Monday, 11 October 2010

SHE STOOPS TO CONKER




Autumn is easy to love: I think it's the slight faded quality the pale ochre light gives everything, as if in a thoughtlessly hung picture, colours all bleached in the sun. I like the quick sharpness in the air, and the hint of bonfire that uncurls itself the minute dusk falls.

Most of all, I love the way autumn is packed with oddly pagan rituals, so deeply embedded in the folk memory it doesn't matter they've long since lost their meaning - Hallowe'en in our family involves chiselling out swedes rather than pumpkins for lanterns (try it - you can't get a fabulously Papua New Guinean shrunken head look with a pumpkin), drowning for apples, and candle magic, and much as I grew up in the country, there's an odd disconnect between celebrating Harvest Festival in West London and your actual proper 'plough-the-fields-and-scatter' harvest. Don't even get me started on Guy Fawkes - much as we've reinvented it as bonfire night, scratch the surface and it's hardly the most ecumenical of celebrations, as anyone who's been to the November 5th activities in Lewes will attest.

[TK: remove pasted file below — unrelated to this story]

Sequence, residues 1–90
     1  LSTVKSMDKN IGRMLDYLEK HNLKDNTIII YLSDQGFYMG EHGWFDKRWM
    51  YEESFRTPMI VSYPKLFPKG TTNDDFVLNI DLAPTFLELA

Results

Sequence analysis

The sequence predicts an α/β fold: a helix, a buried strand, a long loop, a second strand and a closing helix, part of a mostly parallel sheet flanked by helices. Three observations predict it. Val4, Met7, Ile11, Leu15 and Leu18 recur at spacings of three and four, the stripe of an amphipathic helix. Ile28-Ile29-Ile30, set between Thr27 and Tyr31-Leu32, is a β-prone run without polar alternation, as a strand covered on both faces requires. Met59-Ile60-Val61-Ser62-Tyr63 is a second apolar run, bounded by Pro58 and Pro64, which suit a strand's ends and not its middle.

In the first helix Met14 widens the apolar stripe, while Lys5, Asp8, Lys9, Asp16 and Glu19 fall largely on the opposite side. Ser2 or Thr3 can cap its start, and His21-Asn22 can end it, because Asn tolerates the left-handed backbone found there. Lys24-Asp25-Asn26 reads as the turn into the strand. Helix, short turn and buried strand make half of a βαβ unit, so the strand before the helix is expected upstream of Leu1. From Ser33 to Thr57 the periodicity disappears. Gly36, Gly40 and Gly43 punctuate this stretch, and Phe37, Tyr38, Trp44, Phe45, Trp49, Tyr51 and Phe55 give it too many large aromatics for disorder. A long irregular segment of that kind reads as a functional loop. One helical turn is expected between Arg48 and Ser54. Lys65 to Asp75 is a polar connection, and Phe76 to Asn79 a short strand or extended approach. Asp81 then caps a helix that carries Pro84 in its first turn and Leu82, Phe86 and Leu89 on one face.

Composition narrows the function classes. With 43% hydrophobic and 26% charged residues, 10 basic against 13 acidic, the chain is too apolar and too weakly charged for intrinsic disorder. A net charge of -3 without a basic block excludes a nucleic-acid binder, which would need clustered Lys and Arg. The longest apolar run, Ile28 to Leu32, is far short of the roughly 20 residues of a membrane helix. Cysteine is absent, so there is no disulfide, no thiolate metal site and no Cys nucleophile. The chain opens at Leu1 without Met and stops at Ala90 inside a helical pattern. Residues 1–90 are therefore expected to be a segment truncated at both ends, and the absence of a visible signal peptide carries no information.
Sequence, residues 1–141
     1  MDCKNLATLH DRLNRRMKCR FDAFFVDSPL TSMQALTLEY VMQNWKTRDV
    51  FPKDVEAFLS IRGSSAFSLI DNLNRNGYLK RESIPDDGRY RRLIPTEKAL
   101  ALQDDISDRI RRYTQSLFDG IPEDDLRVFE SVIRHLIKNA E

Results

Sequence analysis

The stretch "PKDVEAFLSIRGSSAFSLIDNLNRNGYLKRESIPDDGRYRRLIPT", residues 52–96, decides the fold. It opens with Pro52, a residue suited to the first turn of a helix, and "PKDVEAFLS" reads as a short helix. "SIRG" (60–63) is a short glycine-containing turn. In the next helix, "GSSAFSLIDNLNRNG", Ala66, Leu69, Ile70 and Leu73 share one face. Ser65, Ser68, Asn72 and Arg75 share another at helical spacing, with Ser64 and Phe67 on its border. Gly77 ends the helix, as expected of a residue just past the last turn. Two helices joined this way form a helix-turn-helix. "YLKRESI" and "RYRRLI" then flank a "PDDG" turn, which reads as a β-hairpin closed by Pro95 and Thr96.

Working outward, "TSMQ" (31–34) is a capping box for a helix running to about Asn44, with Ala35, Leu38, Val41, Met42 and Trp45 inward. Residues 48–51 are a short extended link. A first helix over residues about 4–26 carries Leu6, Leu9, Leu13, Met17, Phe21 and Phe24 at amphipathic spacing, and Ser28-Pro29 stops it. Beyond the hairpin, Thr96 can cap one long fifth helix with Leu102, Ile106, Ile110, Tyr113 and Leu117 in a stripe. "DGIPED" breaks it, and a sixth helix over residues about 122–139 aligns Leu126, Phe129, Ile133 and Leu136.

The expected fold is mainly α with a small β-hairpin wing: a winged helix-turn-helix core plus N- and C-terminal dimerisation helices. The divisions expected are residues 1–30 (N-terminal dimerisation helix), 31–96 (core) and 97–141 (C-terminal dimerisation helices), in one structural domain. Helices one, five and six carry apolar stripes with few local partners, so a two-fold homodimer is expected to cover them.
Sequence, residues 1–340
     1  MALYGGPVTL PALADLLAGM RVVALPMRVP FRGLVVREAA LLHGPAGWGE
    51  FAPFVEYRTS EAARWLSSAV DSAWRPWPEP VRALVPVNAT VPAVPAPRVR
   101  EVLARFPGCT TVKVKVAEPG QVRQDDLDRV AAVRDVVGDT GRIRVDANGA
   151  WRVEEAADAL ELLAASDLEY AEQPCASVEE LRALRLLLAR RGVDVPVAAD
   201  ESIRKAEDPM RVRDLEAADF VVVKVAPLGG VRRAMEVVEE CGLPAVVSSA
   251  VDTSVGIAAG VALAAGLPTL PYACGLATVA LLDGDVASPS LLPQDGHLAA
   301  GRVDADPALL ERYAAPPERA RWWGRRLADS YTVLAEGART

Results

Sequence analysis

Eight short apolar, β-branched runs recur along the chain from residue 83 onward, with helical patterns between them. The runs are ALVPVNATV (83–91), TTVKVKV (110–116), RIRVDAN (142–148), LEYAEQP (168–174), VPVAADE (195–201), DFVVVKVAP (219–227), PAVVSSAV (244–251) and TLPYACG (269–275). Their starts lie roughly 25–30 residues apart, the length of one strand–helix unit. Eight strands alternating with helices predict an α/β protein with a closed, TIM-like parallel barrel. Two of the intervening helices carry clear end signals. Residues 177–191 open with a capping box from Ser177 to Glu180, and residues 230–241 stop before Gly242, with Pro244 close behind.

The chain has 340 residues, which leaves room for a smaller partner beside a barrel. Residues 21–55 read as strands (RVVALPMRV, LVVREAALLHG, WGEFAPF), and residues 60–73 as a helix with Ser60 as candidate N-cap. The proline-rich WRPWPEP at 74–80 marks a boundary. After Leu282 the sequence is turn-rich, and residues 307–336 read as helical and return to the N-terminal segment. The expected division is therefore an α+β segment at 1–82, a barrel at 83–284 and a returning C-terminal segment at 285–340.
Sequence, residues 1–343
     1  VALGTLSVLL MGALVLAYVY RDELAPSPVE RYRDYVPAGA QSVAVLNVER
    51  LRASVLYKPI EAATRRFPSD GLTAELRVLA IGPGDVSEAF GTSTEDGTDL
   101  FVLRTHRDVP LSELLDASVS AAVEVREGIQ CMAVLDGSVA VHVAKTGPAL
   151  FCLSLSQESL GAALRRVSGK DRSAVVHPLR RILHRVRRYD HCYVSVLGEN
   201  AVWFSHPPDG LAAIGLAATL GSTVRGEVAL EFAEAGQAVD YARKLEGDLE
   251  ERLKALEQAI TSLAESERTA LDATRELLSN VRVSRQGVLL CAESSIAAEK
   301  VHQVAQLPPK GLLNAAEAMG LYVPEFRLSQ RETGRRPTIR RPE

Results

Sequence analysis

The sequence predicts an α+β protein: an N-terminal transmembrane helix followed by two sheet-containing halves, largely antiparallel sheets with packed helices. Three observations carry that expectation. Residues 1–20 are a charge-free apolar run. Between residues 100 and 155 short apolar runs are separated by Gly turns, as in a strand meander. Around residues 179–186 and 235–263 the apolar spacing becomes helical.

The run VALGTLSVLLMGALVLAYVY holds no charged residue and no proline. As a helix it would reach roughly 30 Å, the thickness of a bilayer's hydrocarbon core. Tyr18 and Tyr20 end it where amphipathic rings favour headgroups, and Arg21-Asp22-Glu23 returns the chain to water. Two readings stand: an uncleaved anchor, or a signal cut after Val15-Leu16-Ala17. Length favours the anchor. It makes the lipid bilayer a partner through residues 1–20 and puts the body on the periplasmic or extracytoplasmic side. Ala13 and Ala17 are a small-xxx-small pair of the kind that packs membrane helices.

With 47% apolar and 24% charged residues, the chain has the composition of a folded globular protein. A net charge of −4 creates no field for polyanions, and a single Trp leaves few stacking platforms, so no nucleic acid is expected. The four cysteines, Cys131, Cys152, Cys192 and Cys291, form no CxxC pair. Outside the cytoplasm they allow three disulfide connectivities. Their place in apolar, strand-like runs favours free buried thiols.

But anyway, my delight in autumn lies not so much in the big events but in the tiny quotidien joys - the glorious scarlet of rosehips against a miserable grey sky, finding a recipe for rowan jelly on this lovely website, making jam with the glut of plums in my parents garden, and laughing and laughing with my children, whirling around trying to catch leaves falling from trees to make a wish.

And of course, there's the endless trips to the park to collect conkers: they're so pointlessly beautiful - the gorgeous burnt sienna glossiness lasts about four hours before they start to lose their lustre. Every year we bring a bagful home and put them in a bowl to admire them - only a few every find themselves strung on a string for a conker fight - and within days they're all shrinkled. It's a shame.

This year, I've started to over-identify with the poor conker : the notion that I'm now autumn, and no longer ripe with the bloom of summer, has hit me rather hard. I seem to have developed a deciduous quality and I don't like it at all: One minute I was all shiny, happily passing for thirty seven, then I woke one morning to discover a chill in the air, my bloom dulled, and I looked every one of my forty three years. I do love Donne for writing 'No spring nor summer hath such grace, As I have seen in one autumnal face' but I stare at myself in the mirror and think he must have been blind.